Monday, August 30, 2010

Giving the workspace a facelift

It's really hard to work when your workspace perpetually looks as though a tornado just ripped through the room. At least, that's how I feel. This past weekend turned into an impromptu adventure in re-designing my entire office! Did I know it when the weekend began? Nope! But hey, sometimes you just can't fight the urge to organize.

Somewhere between childhood and adulthood, I turned into a neat-freak. I have no idea where it came from, because as a child, I was forever being sent to my room to clean it. Oh, how I hated cleaning. I think the turning point came the winter (in Pennsylvania) that we had a leak in our roof, and my closet literally overflowed. I recall my father tossing things out of my closet to reach the attic crawlspace that would allow him access to the area with the leak. The task of putting that closet back together forever changed how I decided what to keep and what to toss.

Anyways, I still have a tendency to pull things out and forget to put them away, foolishly believing that I'll be using them again in the very near future. That is almost always not true. Saturday morning, my husband was in the office surfing the web on his computer. I wandered in to look at the state of disarray on my work desk. I cringed. After looking around the room a few times and feeling somewhat helpless, I realized that something was going to have to change. My part of the office (which is about 3/4 of it) looked like my childhood bedroom! Supplies everywhere, tools everywhere, and because of the mess, very little room to work. No wonder I've been using my dining room table!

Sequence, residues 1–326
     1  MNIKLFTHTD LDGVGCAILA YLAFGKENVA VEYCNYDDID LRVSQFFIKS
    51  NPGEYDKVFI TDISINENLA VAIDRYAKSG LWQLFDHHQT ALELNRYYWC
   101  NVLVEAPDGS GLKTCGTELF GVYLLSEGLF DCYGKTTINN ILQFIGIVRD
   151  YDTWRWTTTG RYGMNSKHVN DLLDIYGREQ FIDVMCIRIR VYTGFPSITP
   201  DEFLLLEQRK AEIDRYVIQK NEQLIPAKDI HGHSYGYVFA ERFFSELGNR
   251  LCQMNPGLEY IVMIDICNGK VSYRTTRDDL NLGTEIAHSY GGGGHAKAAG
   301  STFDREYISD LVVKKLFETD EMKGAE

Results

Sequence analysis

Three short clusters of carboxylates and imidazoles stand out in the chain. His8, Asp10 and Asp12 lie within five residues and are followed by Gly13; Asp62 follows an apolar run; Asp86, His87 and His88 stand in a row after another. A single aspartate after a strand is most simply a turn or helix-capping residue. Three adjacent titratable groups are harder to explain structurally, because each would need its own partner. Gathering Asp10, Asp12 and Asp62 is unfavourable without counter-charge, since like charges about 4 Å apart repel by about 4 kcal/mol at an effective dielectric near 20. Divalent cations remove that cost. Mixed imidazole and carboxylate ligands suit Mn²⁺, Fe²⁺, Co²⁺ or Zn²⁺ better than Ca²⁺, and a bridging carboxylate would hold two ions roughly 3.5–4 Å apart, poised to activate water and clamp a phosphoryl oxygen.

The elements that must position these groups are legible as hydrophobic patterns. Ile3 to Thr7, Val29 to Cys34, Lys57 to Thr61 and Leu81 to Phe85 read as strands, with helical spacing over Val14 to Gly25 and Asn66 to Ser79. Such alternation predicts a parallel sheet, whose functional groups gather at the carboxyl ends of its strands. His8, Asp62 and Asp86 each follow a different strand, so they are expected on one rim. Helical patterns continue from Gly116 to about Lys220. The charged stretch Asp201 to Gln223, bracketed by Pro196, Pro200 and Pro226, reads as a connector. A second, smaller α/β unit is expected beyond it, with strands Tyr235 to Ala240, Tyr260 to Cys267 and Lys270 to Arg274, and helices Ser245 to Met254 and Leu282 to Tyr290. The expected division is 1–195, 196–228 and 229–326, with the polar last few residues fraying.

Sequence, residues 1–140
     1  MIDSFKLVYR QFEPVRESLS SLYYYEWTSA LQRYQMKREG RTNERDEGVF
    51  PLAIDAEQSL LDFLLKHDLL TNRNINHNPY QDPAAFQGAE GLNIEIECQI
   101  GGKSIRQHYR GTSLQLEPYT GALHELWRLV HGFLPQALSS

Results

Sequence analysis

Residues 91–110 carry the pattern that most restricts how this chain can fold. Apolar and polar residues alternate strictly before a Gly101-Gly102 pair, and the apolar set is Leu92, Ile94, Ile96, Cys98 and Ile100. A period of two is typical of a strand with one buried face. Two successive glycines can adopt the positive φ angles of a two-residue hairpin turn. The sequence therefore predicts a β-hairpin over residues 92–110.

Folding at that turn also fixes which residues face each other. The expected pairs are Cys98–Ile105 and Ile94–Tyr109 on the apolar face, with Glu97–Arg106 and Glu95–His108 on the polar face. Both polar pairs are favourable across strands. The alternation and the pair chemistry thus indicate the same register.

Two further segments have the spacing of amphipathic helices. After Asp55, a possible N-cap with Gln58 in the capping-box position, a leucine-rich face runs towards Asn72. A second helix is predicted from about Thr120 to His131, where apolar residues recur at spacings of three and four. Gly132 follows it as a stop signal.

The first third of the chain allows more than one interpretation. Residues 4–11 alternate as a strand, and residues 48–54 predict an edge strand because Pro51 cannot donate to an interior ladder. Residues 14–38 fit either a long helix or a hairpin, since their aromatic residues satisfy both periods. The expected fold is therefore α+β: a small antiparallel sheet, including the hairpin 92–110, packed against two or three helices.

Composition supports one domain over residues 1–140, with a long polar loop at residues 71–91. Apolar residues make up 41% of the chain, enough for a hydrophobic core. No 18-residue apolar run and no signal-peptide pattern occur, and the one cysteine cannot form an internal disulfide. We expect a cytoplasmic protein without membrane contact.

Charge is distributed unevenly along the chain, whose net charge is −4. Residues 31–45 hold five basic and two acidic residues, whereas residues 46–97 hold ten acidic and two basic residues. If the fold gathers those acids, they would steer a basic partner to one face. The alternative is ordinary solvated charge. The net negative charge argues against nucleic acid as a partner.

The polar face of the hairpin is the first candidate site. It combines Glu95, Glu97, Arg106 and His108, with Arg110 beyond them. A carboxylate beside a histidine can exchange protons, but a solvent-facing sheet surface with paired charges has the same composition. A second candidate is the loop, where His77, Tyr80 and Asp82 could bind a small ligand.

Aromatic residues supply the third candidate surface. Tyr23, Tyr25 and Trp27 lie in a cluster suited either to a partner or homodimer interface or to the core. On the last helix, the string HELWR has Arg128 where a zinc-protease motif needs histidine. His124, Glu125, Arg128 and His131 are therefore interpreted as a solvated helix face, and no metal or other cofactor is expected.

Here's what my work bench looked like a couple of weeks ago:

So, I started thinking about how to fix the problem. After a lot of thinking, some planning, and a trip to the local Ikea, the room began to come into focus. As you can gather from the few photos near the beginning of this post, my office is much more organized now. And here's a few more shots, just for fun:

Needless to say, I hope that I will be spending much more time using my now far more extended workspace!

Friday, August 27, 2010

Experiments with warm glass

Well, even though I've been fusing and slumping glass for 3+ years (thanks to a great teacher at a local class), I'm still experimenting with new ways to accomplish my sometimes rather lofty goals. One of my former accomplishments was finally finding success in making a pair of glass chopsticks, something I had long wanted to do.

Creating a pair of glass chopsticks presented an interesting issue for someone whose sole experience with warm glass was limited to fusing and slumping, as neither technique was terribly useful. Fusing required some sort of mold, which I didn't have. But, what I do have is some experience and knowledge in ceramics and pottery so, I thought I could create a ceramic mold of my own. Well, that would also require me to fire said mold, and I'm still waiting on my husband (an electrical engineer) to finally install a 20-amp breaker for my larger ceramics-capable kiln. My glass kiln requires much less power, so can run with a 15-amp breaker.